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Actress Lynn Fergusson
Society for the Protection of Unborn Children

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Actress refuses abortion: ‘He was my son and he needed me’

Society for the Protection of Unborn Children

August 24, 2017 (SPUC) — All too often, parents are pressured by doctors to undergo genetic screening, and even to abort their babies if it is thought they have a disability. Now a video where an actress hilariously relates how she resisted this pressure is going viral.

When actress Lynn Fergusson (most famous for voicing Mac in Chicken Run) became pregnant with her first child at the age of 37, she was surprised to find that her pregnancy was labeled "geriatric." However, she was even more surprised by the relentless pressure doctors put on her first to undergo an amniocentesis, and then to abort her baby. Her talk, published by storytelling website The Moth, is related with humor, and is a beautiful example of a mother determined to do the best for her son.

The pressure begins

From the beginning, Fergusson was determined not to have the amniocentesis, which carries a 1 percent risk of miscarriage. "It’s not technically the baby’s fault that I’m old, you know," she said. "So I’m not gonna take a risk. Not unless there’s a good reason."

When the doctors continued to exert pressure, she tried to deflect them with jokes.

"Look, can your test tell me that this kid will not be a jerk? Can your test reassure me that this baby is not going to be one of those horrible screaming ones that annoys the hell out of everybody in restaurants and airplanes? Can your test assure me that this tiny, growing human baby will not mature into a fully grown adult with some horrific affinity for Peruvian panflute music?"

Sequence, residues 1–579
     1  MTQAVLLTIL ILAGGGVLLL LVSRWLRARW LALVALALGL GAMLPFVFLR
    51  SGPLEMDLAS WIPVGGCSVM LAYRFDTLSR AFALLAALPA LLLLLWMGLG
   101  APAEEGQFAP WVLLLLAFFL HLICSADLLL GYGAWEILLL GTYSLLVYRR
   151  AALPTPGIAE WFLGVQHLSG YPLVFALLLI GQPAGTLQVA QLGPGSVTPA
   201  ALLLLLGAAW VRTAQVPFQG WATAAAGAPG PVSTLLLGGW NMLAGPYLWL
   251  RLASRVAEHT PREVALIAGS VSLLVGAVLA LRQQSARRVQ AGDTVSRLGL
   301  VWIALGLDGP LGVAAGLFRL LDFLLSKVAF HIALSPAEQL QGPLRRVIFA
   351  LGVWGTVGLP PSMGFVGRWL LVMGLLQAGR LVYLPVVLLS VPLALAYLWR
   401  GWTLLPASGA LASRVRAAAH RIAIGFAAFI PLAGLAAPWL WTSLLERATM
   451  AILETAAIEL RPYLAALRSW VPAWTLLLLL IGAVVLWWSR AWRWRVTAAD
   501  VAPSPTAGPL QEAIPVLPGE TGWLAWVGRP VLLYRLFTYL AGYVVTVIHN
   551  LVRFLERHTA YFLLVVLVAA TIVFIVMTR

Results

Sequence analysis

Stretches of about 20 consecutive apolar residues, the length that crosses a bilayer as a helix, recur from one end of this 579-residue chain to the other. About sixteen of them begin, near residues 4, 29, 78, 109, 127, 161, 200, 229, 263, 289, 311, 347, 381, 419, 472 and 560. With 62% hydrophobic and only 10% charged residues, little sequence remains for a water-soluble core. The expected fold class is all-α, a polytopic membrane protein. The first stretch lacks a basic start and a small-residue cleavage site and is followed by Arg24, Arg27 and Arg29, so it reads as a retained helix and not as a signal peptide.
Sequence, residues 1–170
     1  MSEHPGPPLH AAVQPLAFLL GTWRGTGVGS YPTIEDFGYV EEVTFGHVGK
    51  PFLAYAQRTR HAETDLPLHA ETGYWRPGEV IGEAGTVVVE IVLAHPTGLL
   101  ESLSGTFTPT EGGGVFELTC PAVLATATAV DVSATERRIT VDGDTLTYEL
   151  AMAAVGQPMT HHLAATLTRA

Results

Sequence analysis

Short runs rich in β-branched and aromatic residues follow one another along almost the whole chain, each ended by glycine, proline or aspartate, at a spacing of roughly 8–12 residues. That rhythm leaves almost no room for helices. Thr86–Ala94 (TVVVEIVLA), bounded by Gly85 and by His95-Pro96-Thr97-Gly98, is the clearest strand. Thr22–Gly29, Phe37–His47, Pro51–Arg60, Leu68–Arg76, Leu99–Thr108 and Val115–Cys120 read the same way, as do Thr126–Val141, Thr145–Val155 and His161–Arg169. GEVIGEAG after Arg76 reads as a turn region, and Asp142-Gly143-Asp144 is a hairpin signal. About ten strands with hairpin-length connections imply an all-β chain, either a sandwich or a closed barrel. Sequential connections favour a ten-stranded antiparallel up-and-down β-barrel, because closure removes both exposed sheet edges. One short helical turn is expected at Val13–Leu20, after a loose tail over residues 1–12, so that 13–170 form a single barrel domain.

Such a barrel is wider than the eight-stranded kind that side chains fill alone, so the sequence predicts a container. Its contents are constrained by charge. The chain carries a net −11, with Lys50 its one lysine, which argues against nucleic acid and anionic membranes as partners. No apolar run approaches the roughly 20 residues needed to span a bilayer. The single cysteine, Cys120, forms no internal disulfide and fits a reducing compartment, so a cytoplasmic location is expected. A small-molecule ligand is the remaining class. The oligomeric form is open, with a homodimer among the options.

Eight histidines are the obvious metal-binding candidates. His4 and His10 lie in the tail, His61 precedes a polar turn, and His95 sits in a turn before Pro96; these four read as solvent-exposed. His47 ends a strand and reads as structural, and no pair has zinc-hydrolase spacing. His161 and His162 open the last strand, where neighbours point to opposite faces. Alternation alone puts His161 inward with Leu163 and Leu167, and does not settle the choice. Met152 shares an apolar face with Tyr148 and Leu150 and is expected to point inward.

And goes on ...

But the doctors continued to push, first because they suspected Down's syndrome, and then, terrifyingly, Edwards' syndrome, a condition where most babies die in the womb, or shortly after birth. Her response was amazing:

"You know, we had so many scans," said Ferguson. "I had seen my son. I’d seen his heart. I’d seen the inside of his eyes. I’d seen his hands and his feet and, in fact, during one of the scans, he’d held his hand up to the front of my body as if to say, 'Will you go away? I’m busy. Leave me alone. I’m growing.' I had felt my son move inside my body. What did it matter if he had a disorder or not? You know what, if he was gonna die, we are all gonna die sometime, right? We should meet first. He was my son and he needed me. He depended on me to make the right decision. So I said, ‘No.'"

... And on

The last straw came when the doctors offered the parents an abortion at 25 weeks. It became "obvious that they wanted a war, but I just wanted to see my baby." 

So they changed hospitals, where, 10 weeks later, Ferguson went into labor.

Her son was completely healthy. She named him Fergus, which in Irish means "The right choice," and in Scottish  means "courage."

Reprinted with permission from the Society for the Protection of Unborn Children.

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